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A recent KPMG survey found that 56 per cent of the top 250 global companies now recognise and accept that climate change poses a financial risk to their business, writes Russell Smyth, partner with KPMG Sustainable Futures.

With carbon being one of the key climate change metrics, and 46 per cent of the largest global companies having already committed to a net zero or similar target, having a detailed understanding of carbon emissions across the entire business is becoming business critical information.

Closer to home, the Irish government has communicated a clear carbon price trajectory of €100 per tonne by 2030. This means Irish businesses need to understand and start mitigating their exposure now. It also makes good business sense. Suppliers’ carbon management performance is increasingly included as part of tenders/contracts evaluations, while corporate customers are undertaking audits of supplier reporting on carbon emissions. Those suppliers unable to demonstrate alignment with a customer’s carbon trajectory risk losing business.

Using tech to improve cities

One of the key drivers in the move from brown to green is what we do in our cities. For example, the Irish smart-city project is taking place in Limerick.  This is one of two EU “lighthouse” cities that have been selected for a major climate-change pilot programme that will give a lead on how to dramatically reduce the carbon footprint of urban areas.

COVID-19 has accelerated smart-city transformation. The pandemic has underscored that effective recovery requires building strong and connected communities, empowered by data and digital infrastructure to collaboratively contribute to the creation of a resilient future. It catalysed urgent investment in smart-city features such as IoT projects, as cities across the world seek to manage, monitor and automate operations remotely.

A key pillar of the programme is data harvesting, lead by our colleagues in KPMG Future Analytics. This enables the visualisation of energy-saving measures and captures citizen feedback on initiatives ranging from air pollution sensors to electric cars.

A range of new solutions based on digital technologies and digital platforms will be put in place to enable a cluster of buildings to become a net energy producer and not just a consumer. This will include retrofitting older buildings, introducing technologies such as heat pumps, solar panels, energy storage solutions, and electric cars.

Limerick city with quote overlaid, "One of the key drivers in the move from brown to green is what we do in our cities."

Closing the business circle worth over €1.8tn

An important driver in the switch to a more sustainable future is that of successful circular business models. They can improve efficiencies, de-risk value chains, downstream stakeholders – to reduce pressure on natural systems, and drive innovation. Each of these benefits can improve profitability, reduce costs, and promote responsible business practices. The circular economy is not just about reducing waste, it is a fundamental rethink and redesign of entire value chains as well as an assessment of where inefficiencies can be removed, and sustainable innovation can be progressed. This will require companies to develop creative strategies, upskill workforces, and engage with upstream and downstream stakeholders – to ultimately transition from a cradle to a grave toward a cradle to cradle type approach.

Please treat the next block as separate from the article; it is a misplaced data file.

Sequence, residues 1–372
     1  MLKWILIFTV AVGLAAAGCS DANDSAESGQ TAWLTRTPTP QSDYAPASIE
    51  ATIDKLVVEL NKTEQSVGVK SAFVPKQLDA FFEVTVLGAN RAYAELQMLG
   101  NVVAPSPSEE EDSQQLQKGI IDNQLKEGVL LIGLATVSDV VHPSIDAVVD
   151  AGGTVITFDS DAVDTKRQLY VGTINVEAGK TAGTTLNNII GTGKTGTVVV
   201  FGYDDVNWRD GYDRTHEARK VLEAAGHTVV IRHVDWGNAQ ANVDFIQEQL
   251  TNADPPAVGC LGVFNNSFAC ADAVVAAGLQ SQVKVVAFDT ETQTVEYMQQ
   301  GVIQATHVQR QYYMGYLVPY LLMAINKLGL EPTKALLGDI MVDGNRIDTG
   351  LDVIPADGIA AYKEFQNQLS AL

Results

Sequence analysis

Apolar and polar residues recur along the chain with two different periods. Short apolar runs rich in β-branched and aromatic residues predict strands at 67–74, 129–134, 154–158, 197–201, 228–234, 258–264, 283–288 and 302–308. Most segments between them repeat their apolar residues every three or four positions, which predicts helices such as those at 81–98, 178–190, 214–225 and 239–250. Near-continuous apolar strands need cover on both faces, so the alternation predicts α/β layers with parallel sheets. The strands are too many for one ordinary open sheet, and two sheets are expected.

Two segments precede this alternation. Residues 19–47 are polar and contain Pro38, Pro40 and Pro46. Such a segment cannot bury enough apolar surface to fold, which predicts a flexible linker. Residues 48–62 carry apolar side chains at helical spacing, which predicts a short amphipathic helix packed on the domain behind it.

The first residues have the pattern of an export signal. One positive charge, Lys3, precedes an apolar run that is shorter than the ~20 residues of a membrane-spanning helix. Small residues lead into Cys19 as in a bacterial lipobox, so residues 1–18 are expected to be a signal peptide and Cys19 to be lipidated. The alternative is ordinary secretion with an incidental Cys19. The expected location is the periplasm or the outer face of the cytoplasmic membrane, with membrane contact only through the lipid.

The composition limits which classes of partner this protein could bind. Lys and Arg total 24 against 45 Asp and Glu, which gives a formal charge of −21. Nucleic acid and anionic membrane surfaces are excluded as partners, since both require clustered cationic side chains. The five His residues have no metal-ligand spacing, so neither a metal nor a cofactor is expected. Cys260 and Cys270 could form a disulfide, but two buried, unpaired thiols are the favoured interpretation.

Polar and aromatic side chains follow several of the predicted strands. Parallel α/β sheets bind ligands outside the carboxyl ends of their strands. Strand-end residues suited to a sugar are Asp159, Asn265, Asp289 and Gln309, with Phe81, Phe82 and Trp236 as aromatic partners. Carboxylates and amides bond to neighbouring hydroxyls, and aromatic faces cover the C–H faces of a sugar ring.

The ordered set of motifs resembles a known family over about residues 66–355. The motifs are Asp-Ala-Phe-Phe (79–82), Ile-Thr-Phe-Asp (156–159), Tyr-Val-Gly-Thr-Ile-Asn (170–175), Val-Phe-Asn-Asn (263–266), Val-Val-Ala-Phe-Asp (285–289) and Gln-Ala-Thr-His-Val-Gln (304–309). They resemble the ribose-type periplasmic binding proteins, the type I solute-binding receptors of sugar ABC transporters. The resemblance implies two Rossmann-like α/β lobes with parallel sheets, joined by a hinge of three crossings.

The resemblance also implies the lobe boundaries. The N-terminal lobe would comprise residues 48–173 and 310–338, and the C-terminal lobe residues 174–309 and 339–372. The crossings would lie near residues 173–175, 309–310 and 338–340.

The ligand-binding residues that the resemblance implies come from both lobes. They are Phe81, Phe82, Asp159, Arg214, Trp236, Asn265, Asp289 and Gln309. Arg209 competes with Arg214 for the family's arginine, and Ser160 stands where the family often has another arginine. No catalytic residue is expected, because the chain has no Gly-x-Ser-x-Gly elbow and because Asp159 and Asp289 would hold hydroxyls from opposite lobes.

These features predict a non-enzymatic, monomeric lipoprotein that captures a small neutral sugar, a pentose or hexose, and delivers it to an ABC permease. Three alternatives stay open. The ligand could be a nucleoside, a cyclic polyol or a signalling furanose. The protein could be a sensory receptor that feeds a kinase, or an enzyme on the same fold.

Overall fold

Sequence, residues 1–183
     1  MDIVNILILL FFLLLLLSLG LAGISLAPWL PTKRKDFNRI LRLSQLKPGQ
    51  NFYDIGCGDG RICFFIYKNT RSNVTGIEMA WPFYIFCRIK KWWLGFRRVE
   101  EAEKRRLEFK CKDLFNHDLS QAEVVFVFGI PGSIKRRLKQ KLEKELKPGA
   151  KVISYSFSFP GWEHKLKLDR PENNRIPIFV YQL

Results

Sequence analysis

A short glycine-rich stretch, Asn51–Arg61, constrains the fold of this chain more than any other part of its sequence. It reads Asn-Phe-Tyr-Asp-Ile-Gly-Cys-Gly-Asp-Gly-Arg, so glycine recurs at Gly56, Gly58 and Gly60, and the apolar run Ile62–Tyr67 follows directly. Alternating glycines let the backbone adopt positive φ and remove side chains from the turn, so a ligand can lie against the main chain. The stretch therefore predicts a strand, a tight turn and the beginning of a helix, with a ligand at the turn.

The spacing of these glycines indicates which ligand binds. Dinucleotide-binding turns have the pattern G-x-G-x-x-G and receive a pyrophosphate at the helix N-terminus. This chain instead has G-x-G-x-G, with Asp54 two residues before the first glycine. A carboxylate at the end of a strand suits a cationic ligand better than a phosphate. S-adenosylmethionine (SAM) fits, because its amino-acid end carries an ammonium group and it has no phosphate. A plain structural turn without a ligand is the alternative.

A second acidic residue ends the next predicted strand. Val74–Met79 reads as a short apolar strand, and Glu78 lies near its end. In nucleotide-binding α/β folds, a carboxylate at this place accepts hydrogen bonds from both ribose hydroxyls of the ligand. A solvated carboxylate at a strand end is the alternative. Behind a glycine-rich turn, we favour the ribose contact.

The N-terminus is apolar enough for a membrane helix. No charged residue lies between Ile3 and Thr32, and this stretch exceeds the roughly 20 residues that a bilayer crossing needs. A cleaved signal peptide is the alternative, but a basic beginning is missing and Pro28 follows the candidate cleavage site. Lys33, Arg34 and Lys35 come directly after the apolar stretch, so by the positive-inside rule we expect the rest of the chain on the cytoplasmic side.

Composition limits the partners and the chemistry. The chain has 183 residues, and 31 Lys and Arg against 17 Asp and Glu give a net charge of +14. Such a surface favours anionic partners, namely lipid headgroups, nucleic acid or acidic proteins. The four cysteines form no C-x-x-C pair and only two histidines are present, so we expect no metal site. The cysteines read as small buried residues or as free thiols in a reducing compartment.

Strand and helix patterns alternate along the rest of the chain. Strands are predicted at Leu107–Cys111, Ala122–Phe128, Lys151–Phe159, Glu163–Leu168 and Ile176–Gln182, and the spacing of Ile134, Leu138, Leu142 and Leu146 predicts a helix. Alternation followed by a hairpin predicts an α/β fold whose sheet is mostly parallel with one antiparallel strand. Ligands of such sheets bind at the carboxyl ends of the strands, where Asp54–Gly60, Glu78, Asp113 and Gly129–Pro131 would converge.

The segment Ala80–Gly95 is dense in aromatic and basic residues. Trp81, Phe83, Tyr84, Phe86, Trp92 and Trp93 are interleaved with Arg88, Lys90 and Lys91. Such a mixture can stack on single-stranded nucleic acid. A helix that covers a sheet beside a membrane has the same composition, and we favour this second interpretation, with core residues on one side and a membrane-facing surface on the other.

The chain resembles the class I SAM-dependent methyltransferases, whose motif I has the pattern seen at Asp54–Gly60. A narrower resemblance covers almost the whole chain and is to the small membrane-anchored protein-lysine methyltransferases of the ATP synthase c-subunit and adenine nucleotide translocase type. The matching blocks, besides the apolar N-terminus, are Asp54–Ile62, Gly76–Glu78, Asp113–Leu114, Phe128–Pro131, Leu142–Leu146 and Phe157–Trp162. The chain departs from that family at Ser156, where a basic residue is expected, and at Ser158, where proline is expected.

Decarbonisation strategies – Project Clover

There are many examples of companies that are moving towards or have moved to a circular business model. Key members of the Irish food processing industry including Danone, Dairygold, Glanbia, Tipperary Co-op, Carbery and Wyeth Nutrition and Renewable Gas Forum Ireland, in conjunction with KPMG Sustainable Futures, are progressing work on Project Clover – a food and agri-industry led programme to commercialise a number of decarbonisation strategies within the Irish dairy, and wider food and drink industries.

One of the key objectives of Project Clover is to achieve a circular economy within the Irish agricultural sector, where waste from Irish farms (e.g. slurry) is processed to extract renewable gas to power industry, while the residual material from the process is returned to the land as an organic fertiliser.

Sheep grazing in front of ruins and mountains with quote overlaid, "One of the key objectives of Project Clover is to achieve a circular economy within the Irish agricultural sector"

Sustainability at KPMG

KPMG was the first professional services firm in Ireland to achieve carbon neutral status in January 2007, and since 2009 we have reduced our Scope 1 and Scope 2 emissions by 42 percent. We recently announced our intention to achieve net zero globally by 2030, including the use of 100 per cent renewable electricity by 2030.

A version of this article originally appeared in The Irish Times and is reproduced with their kind permission.

Get in touch

Building sustainability into business strategies requires informed decision making. For experienced guidance for your company, please contact Russell Smyth, or any member of our Sustainable Futures team. We'd be delighted to hear from you.

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